“International Women’s Day is a chance for women to lead the agenda,” believes Tracey. “A chance for conversations to occur about the diverse range of issues which the diverse spectrum of women face every day. What this does is allows us to pause for thought and importantly to develop plans of action collaboratively across all gender identities.”

Mary Saunders, Co-Founder of For Days

Mary Saunders has always been passionate about clothing — the feeling you get from putting together an outfit, the creativity that goes into design, and the impact clothes can have on a person.

But not all of those impacts were positive.

“As my career progressed, I began to become aware of the negative implications of the fashion industry,” says Mary. “There was a ton of waste in this space, especially inefficiency around inventory.”

She had been in the fashion industry for 15 years when she and her co-founder decided to change the industry and founded For Days.

For Days is the destination for closed-loop commerce, meaning that they don’t just sell clothes. They also buy it all back. For Days creates 100% organic cotton basics, and then buys products back from customers for credit towards your future purchases. Then, For Days takes that fabric and material and upcycles it into a new product.

Mary’s career is an extension of the things that she cares about. “I’m passionate about and feel a responsibility to push the world forward and make the industry a little bit better,” says Mary.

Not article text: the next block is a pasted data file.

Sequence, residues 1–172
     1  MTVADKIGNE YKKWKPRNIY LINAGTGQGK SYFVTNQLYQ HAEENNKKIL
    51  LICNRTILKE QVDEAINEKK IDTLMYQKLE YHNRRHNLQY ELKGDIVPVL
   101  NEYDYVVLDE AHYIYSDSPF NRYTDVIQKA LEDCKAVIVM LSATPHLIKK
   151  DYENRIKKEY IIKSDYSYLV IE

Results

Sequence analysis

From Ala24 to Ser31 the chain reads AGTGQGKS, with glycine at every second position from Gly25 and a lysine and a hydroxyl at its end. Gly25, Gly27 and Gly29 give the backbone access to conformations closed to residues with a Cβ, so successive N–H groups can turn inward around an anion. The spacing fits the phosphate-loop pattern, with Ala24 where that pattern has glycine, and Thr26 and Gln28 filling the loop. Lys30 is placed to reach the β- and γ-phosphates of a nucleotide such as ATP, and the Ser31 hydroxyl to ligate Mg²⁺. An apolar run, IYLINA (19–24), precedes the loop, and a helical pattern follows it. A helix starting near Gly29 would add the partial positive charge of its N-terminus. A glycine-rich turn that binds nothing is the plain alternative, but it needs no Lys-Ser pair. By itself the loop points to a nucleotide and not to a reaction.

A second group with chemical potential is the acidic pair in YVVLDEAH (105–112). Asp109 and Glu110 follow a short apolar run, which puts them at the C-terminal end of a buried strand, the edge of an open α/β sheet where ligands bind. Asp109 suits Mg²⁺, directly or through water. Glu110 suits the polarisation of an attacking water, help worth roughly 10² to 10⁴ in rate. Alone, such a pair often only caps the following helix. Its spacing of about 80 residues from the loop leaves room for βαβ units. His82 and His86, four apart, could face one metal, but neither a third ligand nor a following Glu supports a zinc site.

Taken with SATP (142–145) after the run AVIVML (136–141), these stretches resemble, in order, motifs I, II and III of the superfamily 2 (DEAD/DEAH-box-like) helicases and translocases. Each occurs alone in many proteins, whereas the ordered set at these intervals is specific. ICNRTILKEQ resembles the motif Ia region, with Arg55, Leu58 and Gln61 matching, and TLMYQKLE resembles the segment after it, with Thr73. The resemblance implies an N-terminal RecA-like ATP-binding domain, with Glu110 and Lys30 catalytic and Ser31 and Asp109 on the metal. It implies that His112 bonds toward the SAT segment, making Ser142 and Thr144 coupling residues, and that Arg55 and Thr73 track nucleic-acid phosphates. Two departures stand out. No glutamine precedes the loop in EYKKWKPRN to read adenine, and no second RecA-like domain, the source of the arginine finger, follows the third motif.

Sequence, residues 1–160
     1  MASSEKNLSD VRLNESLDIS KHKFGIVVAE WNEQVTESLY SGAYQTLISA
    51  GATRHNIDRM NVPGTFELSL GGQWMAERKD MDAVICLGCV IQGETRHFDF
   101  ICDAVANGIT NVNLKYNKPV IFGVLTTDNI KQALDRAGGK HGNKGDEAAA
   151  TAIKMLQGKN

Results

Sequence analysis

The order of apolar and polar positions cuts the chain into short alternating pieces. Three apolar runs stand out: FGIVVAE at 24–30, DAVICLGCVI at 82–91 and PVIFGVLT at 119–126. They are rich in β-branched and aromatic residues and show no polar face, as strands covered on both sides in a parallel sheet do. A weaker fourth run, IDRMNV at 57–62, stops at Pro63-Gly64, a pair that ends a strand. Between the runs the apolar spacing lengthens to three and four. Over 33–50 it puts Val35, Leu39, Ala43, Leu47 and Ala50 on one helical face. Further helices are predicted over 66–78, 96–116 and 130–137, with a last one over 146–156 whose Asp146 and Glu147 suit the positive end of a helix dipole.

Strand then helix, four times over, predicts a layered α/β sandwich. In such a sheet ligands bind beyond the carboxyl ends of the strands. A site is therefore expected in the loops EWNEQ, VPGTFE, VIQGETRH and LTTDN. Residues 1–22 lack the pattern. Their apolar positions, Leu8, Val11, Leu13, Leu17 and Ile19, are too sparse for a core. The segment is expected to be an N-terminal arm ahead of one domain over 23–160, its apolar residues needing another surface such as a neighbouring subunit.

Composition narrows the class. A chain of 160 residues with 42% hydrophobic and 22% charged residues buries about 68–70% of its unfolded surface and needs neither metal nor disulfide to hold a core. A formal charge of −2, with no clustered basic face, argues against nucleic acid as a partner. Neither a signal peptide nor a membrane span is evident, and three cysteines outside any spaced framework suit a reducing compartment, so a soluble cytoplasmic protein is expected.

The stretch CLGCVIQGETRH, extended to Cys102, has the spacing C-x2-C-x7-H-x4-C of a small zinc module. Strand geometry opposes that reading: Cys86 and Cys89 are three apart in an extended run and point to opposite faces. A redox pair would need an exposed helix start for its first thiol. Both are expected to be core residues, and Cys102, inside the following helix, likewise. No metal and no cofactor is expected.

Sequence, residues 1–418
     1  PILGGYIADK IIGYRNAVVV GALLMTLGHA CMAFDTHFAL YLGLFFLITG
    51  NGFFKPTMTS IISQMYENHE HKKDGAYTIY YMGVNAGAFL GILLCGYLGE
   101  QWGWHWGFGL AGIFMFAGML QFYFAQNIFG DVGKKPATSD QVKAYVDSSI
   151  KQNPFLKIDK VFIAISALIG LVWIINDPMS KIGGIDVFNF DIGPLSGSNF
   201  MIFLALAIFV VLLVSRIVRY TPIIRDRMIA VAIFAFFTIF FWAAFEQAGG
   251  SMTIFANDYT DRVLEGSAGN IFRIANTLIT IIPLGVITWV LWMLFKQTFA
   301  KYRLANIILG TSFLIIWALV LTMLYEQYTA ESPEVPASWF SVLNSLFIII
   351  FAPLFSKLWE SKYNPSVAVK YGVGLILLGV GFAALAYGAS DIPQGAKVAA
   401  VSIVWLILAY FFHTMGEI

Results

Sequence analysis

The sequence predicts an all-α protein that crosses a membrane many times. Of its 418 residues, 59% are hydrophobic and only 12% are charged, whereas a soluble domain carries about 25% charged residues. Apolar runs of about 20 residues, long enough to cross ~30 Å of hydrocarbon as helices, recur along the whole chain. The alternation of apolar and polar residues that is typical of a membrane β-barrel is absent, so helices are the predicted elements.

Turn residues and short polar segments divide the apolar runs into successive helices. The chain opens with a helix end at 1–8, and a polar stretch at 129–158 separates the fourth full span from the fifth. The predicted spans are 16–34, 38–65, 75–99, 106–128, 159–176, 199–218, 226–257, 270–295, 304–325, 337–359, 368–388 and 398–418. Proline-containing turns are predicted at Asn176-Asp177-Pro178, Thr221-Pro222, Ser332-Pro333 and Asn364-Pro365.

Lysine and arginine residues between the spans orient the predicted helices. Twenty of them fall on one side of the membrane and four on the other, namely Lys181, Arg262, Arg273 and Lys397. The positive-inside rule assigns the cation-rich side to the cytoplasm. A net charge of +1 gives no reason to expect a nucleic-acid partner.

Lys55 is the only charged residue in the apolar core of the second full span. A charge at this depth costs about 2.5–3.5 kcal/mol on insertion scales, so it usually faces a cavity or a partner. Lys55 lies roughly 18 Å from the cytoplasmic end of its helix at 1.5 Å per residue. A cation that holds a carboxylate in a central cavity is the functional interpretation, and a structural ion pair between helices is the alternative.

She’s also balancing a booming fashion career with her career as a mom of a two-month-old son. She juggles two a.m. feedings with last-minute work emails and production questions. And she’s making ground-breaking advances with her team at work.

“Our team is almost a hundred percent women, including at our warehouse, which is rare,” says Mary. “Everyone is passionate about the mission. We all individually get excited about the work that we're doing every day and are very willing to work very hard to make that mission come to life.”

Being an entrepreneur, Mary believes you need to look inward a lot.

“As a lot of it ends up falling on your shoulders to create something that's never existed before, it can be a challenge,” Mary admits. “But what's beautiful is when you come through the other side and you realize you’re much stronger than you knew you were.”

In the fashion industry, most of the consumers, the producers, and the supply chain are women. But as you move up the ranks, there are fewer and fewer women, especially at the executive and board levels.

“I believe that if products are being sold to women, they should also be led by and created by women,” says Mary. “It's something that I've always wanted to push forward. When I think about International Women's Day, it's about celebrating the unique strengths of women and what can women bring to the table that can help push things forward and lead into the future.”